At West, a commitment to QbD principles means it can support pharmaceutical partners at each stage along this updated and extended approval pathway. The company’s knowledge of the process and the nature of the information and data required puts it in an ideal position to compile and co-ordinate all necessary technical information relating to its components for efficient filing in a timely manner. In streamlining this process, West’s overarching objective is to empower pharmaceutical manufacturers in their engagement with a notified body and, ultimately, the EMA, ensuring all documentation and certification is available to demonstrate compliance with the updated regulatory framework.


This service offering has been encapsulated as the Technical Document Package (TDP). Borne out of first-hand experience, it comes after West conducted a successful pilot programme to support a pharmaceutical customer with an MDR filing for a new drug product delivered via a PFS system incorporating a NovaPure plunger. The aim of the programme was to address the recognised challenges associated with the filing process, including the need for cross-organisational stakeholder management and the co-ordination of consistent responses.

Working closely together with the customer, West adopted a strategic approach to gathering, assimilating and presenting the required data at a level of detail and in a format that would satisfy scrutiny by the notified body. By focusing efforts on the “right-first-time” delivery of high-quality and highly relevant information connected to the specific GSPRs, West was able to minimise requests for supplemental information, avoid complex multi-document iterations and truncate the entire certification process.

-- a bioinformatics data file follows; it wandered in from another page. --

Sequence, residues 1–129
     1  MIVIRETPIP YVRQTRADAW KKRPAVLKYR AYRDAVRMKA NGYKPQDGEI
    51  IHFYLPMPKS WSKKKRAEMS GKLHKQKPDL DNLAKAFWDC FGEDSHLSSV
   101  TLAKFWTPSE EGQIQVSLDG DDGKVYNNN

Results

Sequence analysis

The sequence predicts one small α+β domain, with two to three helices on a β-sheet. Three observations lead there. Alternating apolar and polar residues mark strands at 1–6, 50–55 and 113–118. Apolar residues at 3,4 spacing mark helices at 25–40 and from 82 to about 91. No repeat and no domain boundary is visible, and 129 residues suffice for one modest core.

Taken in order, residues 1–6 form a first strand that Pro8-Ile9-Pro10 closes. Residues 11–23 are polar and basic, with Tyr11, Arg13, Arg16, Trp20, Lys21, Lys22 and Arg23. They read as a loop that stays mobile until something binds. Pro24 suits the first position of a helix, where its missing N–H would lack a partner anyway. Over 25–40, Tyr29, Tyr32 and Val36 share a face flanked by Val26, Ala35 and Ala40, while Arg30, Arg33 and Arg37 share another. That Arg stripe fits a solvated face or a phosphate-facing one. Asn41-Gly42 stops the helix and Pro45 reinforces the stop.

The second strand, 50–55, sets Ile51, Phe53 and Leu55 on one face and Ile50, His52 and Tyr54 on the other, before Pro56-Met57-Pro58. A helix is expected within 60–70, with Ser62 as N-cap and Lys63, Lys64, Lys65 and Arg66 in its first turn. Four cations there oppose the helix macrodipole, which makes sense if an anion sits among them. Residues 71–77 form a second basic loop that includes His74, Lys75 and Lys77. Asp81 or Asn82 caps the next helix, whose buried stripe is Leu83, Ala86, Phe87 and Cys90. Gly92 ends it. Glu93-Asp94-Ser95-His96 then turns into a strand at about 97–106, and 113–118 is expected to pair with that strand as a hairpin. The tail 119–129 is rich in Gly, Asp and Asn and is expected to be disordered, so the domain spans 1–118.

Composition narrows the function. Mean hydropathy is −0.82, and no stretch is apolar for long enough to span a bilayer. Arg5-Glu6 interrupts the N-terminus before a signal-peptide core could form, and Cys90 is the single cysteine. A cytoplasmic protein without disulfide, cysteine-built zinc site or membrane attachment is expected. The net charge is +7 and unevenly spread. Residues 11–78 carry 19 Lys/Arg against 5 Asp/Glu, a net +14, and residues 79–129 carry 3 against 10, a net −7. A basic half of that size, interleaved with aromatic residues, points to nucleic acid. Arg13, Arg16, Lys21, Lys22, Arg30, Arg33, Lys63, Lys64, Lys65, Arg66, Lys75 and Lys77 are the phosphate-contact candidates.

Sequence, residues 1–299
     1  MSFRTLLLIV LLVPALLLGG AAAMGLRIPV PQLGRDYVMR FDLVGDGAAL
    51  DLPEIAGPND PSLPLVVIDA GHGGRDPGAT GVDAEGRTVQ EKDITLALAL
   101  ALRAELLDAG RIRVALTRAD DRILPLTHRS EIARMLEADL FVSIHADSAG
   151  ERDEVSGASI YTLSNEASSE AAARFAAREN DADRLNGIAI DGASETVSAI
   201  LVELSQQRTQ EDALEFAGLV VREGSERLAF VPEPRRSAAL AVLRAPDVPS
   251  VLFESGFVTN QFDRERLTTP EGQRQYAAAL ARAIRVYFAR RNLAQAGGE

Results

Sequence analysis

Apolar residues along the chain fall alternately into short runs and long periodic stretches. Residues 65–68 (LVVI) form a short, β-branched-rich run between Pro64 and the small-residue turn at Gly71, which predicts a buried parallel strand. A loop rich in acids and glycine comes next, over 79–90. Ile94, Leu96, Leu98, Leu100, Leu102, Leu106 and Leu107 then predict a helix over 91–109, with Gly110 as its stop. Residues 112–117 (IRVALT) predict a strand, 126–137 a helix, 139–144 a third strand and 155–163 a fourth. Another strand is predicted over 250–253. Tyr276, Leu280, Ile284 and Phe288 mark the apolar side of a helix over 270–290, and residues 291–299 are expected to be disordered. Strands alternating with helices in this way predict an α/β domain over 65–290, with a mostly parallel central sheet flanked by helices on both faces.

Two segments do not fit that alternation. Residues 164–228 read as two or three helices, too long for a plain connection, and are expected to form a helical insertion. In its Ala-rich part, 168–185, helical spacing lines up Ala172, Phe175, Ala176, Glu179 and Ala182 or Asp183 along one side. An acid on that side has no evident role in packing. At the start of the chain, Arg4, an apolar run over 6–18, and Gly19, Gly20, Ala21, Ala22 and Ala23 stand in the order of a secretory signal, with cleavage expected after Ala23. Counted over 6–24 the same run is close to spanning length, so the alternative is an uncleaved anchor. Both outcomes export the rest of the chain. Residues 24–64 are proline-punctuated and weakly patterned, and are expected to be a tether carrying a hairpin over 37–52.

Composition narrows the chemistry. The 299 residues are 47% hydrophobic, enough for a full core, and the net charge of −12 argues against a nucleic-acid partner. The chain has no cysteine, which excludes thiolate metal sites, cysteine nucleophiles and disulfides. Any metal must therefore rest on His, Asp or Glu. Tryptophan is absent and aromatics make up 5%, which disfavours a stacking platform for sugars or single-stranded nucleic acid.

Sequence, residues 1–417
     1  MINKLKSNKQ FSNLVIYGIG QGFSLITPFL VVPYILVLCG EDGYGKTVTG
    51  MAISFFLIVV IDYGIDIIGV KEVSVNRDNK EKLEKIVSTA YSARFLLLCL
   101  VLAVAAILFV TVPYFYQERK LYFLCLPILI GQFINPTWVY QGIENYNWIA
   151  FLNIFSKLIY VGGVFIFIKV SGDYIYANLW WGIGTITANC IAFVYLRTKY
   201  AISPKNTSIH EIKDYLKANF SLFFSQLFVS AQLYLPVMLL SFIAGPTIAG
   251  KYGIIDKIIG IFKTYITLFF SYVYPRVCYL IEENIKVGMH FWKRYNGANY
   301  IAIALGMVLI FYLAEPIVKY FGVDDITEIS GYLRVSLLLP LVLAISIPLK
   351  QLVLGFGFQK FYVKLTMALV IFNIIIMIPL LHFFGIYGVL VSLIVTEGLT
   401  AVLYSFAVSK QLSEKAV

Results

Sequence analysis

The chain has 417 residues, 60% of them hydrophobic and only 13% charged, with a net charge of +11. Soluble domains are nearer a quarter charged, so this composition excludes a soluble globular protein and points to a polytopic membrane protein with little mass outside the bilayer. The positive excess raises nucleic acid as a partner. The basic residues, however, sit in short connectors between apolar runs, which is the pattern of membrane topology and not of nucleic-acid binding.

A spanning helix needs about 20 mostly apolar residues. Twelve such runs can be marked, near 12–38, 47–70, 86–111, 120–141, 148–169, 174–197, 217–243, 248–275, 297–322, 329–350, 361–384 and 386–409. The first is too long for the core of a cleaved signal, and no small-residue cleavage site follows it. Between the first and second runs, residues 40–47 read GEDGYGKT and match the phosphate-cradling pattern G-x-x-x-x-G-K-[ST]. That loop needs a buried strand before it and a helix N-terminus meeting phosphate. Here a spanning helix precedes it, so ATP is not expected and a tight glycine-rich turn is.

In turn, this positive outcome has given West a robust platform from which to develop a transferrable template for supporting a successful filing in a time-efficient manner in the form of the TDP. This offering currently supports applications for 1–3 mL NovaPure plungers by incorporating more than 30 documents, including component technical summaries, quality statements and compliance bulletins, into a single, integrated information package. Future developments will see the offering extended further into West’s range of leading primary packaging components.

The changes to MDR, while specific to the EU, offer an indication of the continual drive among regulatory bodies to address novel technologies and ensure patient safety. For pharmaceutical manufacturers navigating the many challenges involved in bringing an integral drug product to market at industrial scale, the TDP provides a reassuringly efficient platform to demonstrate compliance. Furthermore, it provides an effective reminder that, whether in the provision of individual components or supporting analytical services or entire drug delivery systems, a strategy rooted in quality can allow risks to be controlled and production to flourish.

At West, this quality philosophy has been deep rooted for decades, a point perhaps best illustrated by the fact that all the top 10 best-selling global injectable drugs in 2022 used West packaging.

NovaPure, FluroTec and DeltaCube are trademarks or registered trademarks of West Pharmaceutical Services, Inc. FluroTec technology is licensed from Daikyo Seiko, Ltd.


  1. “PIP breast implants”. Web Page, UK NHS. (www.nhs.uk/conditions/pip-implants, Accessed, Jun 1, 2023).